You wait decades and three motoring ‘big beasts’ relaunch at once.
Every movement has its icons and given where we are now I think we can probably describe the current SUV contagion as a movement. In terms of icons, the holy trinity of sports utility vehicular worship appears to consist of the Jeep Wrangler, Land Rover Defender and Toyota Landcruiser. Just outside, but banging rather conspicuously at the door is Mercedes with its interloper G-Wagen.
The original Willys MB Jeep is known to all – man, woman and small dog. Created as a military vehicle during the second World war, it entered full-scale production in 1941, going on to enter global consciousness as a symbol of allied liberation. In 1945, a civilian version (CJ 2A) was introduced which continued over several iterations until (I believe) 1983. Just as the Jeep iterated in the years that followed, Willys Overland went through several owners over the intervening decades (AMC, Renault, Chrysler, Mercedes-Benz, Cerebus) before eventually becoming a pillar of the FCA behemoth.
The Land Rover by contrast was a product of the post-war settlement. Created ostensibly as a farmer’s workhorse by the Rover Car company, it entered production in 1948, quickly becoming the ubiquitous off-road vehicle in Britain and the ‘colonies’. Much like the Jeep, it underwent several iterations, innumerable specification changes, not to mention owners (Leyland, the British Government, British Aerospace, BMW, Ford) before finding its current home as part of the Tata-owned JLR group.
More recent still was the Toyota Land Cruiser. Introduced as something of a Jeep facsimile in 1951, it has since gone on to rule the known World as perhaps the most dependable, most fit-for-purpose utility vehicle in current series production. It’s still made by its original manufacturer, but we’re not here to talk about it today.
Mercedes-Benz’s Geländewagen is the true neophyte here. Introduced in 1979 as the W460, it began life as a vehicle designed for the German military. Never quite catching the zeitgeist like its more established rivals, the G-Wagen, having lived out the bulk of its career in their shadow, suddenly found itself at the forefront of fashion as the upmarket SUV craze took hold. In recent years, it has been repositioned as a (very) expensive lifestyle accessory.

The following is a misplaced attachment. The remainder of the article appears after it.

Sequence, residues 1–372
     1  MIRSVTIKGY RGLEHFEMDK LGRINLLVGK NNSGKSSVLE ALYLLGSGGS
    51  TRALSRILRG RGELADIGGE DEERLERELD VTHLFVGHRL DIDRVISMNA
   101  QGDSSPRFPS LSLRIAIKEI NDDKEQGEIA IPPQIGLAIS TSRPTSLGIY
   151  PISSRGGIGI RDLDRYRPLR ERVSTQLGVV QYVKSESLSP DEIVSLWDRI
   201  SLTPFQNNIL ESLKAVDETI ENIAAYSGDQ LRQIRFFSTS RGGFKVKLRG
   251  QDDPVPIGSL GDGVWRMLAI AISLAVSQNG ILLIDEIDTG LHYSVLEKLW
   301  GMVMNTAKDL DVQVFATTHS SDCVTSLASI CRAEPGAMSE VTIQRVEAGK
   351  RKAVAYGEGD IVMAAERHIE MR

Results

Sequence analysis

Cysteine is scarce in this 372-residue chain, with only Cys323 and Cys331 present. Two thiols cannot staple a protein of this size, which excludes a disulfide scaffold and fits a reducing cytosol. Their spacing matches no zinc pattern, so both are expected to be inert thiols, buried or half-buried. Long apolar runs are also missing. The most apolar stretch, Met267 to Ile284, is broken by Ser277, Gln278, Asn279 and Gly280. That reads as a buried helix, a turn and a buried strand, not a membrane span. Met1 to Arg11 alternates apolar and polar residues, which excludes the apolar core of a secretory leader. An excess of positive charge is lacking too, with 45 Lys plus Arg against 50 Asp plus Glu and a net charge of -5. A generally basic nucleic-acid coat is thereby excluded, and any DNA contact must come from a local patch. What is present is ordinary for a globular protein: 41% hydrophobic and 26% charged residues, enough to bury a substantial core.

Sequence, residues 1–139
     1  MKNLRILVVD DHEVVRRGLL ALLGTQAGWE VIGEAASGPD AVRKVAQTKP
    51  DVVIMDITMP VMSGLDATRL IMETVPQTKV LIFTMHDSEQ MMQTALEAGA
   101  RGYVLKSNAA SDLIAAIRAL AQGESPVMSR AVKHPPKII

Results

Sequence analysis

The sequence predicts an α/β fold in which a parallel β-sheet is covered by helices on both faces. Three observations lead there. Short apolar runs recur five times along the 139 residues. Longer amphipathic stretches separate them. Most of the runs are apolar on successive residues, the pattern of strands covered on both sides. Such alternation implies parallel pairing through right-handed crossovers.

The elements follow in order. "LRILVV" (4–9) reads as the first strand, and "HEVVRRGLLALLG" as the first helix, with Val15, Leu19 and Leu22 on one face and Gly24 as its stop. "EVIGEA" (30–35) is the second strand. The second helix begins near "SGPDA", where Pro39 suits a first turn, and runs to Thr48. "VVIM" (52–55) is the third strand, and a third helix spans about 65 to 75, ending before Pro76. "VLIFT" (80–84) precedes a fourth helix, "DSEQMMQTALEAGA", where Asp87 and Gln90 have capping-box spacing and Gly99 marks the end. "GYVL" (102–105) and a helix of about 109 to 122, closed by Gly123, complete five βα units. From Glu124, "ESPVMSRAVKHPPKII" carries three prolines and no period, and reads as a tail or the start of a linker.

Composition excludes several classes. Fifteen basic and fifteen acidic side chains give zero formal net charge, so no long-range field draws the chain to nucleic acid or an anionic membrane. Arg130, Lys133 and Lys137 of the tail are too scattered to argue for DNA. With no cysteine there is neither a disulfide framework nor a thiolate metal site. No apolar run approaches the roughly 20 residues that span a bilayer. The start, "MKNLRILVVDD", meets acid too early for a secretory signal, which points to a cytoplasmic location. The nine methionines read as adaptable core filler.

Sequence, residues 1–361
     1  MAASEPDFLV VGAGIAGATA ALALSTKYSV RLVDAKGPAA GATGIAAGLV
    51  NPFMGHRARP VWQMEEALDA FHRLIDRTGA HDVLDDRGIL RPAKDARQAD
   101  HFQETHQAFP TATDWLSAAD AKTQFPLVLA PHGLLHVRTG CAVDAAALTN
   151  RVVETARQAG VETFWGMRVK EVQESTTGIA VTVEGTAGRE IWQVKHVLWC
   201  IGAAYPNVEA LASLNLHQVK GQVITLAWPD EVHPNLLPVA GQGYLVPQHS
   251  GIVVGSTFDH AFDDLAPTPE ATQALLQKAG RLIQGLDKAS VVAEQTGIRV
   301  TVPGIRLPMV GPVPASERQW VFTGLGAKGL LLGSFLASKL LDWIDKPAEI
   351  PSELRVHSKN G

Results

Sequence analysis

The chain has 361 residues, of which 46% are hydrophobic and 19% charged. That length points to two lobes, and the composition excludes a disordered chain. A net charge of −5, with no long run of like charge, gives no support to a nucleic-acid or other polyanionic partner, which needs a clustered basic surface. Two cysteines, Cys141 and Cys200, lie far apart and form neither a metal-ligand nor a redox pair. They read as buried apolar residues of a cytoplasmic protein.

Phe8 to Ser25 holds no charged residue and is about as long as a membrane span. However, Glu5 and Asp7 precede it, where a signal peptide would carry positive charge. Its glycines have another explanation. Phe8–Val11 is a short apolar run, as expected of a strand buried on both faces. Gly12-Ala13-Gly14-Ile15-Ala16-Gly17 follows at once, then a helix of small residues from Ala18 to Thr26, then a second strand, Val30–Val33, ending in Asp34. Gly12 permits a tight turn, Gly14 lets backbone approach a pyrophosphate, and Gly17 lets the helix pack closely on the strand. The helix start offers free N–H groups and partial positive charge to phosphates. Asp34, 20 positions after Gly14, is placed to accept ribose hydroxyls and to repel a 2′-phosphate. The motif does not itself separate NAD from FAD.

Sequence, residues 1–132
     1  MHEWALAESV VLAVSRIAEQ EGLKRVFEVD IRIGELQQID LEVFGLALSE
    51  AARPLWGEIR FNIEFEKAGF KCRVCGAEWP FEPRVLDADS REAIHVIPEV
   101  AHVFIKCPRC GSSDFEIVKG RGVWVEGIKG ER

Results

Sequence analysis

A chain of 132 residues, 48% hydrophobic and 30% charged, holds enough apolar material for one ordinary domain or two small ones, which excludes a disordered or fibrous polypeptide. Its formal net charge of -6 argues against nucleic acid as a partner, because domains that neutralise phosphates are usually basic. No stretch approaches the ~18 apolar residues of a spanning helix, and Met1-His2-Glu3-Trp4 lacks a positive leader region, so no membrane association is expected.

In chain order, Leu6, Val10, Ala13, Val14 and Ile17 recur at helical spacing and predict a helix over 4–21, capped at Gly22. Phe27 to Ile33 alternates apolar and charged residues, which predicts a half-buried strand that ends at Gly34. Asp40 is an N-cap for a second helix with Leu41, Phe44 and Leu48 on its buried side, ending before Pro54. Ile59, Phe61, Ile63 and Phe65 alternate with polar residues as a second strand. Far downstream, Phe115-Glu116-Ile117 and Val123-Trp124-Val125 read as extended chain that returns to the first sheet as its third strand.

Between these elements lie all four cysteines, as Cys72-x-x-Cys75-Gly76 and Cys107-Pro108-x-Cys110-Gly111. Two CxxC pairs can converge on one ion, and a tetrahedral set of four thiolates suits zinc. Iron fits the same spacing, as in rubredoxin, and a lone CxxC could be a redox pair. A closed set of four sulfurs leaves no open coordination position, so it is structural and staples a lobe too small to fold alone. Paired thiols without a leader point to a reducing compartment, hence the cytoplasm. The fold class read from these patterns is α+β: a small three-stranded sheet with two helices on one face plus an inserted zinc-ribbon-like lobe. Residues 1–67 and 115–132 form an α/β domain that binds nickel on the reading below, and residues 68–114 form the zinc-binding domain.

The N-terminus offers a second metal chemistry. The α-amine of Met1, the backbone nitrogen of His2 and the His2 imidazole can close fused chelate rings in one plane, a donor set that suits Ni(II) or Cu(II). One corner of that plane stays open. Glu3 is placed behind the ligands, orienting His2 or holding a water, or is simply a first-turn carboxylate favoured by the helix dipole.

What unifies all of these vehicles apart from their utilitarian / military roots are lengthy production runs and the idea that despite thirteen new handles and a similar number of heads, they are essentially the same as their pioneer forebears. But the other, more pertinent unifying factor is that three of them are being replaced this year.
First up is FCA’s new Jeep Wrangler, which was shown to the press at the tail-end of last year, making its public debut at the Consumer Electronics Show in Las Vegas earlier this month. Also debuting is the W464 G-Wagen, now dubbed G-Class. Both vehicles notable for the careful nature of their ‘don’t scare the horses’ visual reinvention, adopting the most evolutionary of visual makeovers masking considerable change beneath.
The latest JL iteration of the Wrangler sits on a new-generation steel chassis, while wings, bonnet, doors, door-hinges and windscreen frame are aluminium. The rear tailgate (on models so equipped is a magnesium frame with an alloy skin. Not just lighter, but longer too, all models feature an enlarged wheelbase. Power comes from the long-running Pentastar V6 and two FCA corporate units – a 3.0 litre V6 turbo diesel and a 2.0 litre petrol turbo unit, which sounds a lot like the one Alfa Romeo is using. The new Wrangler also majors on in-car tech, while also it’s claimed, is the most off-road capable Jeep yet.